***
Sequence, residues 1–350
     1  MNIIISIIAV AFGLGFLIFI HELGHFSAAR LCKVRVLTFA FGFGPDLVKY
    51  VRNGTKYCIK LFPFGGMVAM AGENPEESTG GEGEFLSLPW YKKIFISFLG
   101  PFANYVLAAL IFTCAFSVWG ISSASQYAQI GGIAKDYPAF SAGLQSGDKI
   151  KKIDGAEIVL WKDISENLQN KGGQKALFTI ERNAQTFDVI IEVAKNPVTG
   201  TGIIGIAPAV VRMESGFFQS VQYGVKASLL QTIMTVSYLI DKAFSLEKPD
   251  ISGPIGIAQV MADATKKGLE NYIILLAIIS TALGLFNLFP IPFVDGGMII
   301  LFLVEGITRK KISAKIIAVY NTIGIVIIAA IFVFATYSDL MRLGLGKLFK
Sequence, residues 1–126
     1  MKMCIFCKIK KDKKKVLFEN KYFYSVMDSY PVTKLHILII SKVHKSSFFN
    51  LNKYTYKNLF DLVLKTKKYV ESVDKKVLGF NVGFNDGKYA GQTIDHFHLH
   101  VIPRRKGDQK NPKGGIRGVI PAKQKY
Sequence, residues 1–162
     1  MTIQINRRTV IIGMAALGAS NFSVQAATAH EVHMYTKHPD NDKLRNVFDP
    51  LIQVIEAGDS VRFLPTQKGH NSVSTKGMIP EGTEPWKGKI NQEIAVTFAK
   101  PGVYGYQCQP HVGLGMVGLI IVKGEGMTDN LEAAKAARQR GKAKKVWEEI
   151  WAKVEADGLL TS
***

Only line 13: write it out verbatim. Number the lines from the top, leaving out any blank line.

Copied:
Sequence, residues 1–162